T-Rex’s Geospatial Resource and Innovation Center Will Elevate An Existing Cluster
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- Published on August 29, 2018
- Last Updated May 19, 2020
While the billion-dollar NGA 2 headquarters won’t be finished until 2024, T-Rex and a handful of forward-thinking geospatial startups and companies are preparing by laying some groundwork. T-Rex Executive Director Patricia Hagen recently announced the founding of the ‘GeoSpatial Resource and Innovation Center’- a working title. The center will be located on the 4th floor of T-Rex and will be the first one of its kind in the world, says Hagen.
T-Rex won a $500,000 federal grant, raised an additional $500,000 from Monsanto for naming rights and received new market tax credits to help build out the center.
“As a non-profit,” she says, “T-Rex has an opportunity to go far beyond just renting space. We can create a unique, sustainable institution here that will support the NGA and the USGIF with resources and tools.”
The center is the resulting brainchild of SLAWG, the St. Louis Area Working Group, a local industry group under the umbrella of the USGIF dedicated to all things geospatial. The group is led by local entrepreneurs Andy Deering, CEO of Boundless Geospatial, Justin Bennett, CEO of GeodataIT and Tara Mott from Esri, the world’s leader in GIS software. In addition to providing a monthly forum on industry news and topics, the group is also tasked with workforce development in anticipation of the NGA’s increased presence.
“There’s lots of momentum and a lot of different efforts in the space and about the workforce,” says Andy Deering. “Otis Williams and the SLDC are involved, the Universities are getting involved. There are lots of conversations happening around geospatial from K-12 on up.”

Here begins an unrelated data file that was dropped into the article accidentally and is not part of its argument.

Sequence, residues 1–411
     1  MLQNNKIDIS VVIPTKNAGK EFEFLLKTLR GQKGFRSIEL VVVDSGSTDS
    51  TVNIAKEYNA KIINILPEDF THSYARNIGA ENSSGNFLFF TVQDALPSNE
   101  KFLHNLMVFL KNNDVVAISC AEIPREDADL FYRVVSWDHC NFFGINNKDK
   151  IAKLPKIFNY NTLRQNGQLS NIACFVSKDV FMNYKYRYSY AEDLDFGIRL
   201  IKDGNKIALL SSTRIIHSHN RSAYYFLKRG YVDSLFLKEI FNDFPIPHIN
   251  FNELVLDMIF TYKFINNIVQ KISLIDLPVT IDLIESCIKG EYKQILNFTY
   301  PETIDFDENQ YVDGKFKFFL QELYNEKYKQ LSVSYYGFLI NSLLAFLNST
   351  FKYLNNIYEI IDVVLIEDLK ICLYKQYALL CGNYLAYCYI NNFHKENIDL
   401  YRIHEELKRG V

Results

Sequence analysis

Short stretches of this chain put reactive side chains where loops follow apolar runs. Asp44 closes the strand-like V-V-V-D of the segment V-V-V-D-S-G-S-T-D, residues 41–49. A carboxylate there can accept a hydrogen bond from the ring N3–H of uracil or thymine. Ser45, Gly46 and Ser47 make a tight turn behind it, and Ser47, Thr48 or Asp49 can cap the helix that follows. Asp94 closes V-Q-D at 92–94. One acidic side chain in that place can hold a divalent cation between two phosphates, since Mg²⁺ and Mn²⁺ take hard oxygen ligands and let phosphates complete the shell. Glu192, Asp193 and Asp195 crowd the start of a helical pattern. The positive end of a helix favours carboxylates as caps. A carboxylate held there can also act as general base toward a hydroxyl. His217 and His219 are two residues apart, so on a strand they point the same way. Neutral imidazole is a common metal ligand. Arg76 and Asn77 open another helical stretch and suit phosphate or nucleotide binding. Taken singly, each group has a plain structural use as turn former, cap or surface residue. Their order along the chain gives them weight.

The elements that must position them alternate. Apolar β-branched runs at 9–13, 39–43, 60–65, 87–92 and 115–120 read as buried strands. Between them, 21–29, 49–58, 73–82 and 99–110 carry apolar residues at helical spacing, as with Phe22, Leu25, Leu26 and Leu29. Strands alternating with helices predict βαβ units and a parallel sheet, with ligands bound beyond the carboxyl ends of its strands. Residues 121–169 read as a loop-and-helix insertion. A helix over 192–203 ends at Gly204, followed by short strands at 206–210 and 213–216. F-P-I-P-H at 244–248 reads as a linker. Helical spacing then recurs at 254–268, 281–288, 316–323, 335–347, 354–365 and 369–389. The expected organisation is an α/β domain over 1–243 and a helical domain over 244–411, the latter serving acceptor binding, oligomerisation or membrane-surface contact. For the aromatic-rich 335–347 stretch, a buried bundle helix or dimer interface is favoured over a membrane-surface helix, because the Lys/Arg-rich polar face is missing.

A cultural shift at the NGA towards openness
Some of these conversations are around the NGA’s expanding role in the modern era. Both Hagen and Deering recognized that the NGA has recently started an internal shift towards more inclusivity.
“The Agency used to be considered clandestine,” says Deering, “but lately, it has realized it needs to be more open if it’s going to stay relevant and be innovative.” He charts this cultural shift to overall technological advances with smartphones and the ubiquity of satellite communications and the growing need for the type of expertise the NGA can provide.
The agency isn’t just the keeper of military maps and spy imagery, he explains, they now employ thousands of developers, creating algorithms that track climate, traffic, and natural and manmade disasters.
Satellite imagery has recently been used to find ancient archeological sites for instance and helping to stop poachers from killing protected wildlife. With all these applications and many more to come, the NGA, like any forward-thinking agency is being forced to look past its own walls and for input and collaboration from the wider community.
A growing industry
Boundless moved to T-Rex in part to take advantage of the NGA, but Deering had other reasons to relocate their HQ to Downtown St. Louis. The company sees St. Louis as a strategic hub that will help them build up a talent pipeline and help grow business.
The cluster of hi-tech manufacturing around Boeing, Lockheed Martin, and Honeywell plays nicely with Boundless’ focus on open-source Geo-Information Systems.
The idea that St. Louis can build off this cluster appeals to Hagen from T-Rex as well, “Everybody is excited about this and everybody is pulling together,” says Hagen. “It’s about making St. Louis the global center for excellence in geospatial and location intelligence, and not a single person in the industry has told me this can’t be the case.”
Hagen plans to hire a director for the new geospatial industry center as well and is planning a physical facility on the fourth floor at the 911 Washington Ave building. This space will allow students, scientists, and industry reps to collaborate together on projects.
She admits that the exact nature of the center is still a work in progress and that the industry itself will continue to help define the space and its resources.
To align the center with T-Rex’s overall mission supporting early-pipeline technology startups, Hagen sees the resource center as an incubator of sorts, encouraging the creation of geospatial-focused companies here. T-Rex is reportedly interested in establishing a seed fund for this purpose as well.
“Geospatial touches on everything,” says Deering. “We use location intelligence every time we interact with our smartphones. From precision AgTech to implementing smart cities, location intelligence is at its core.”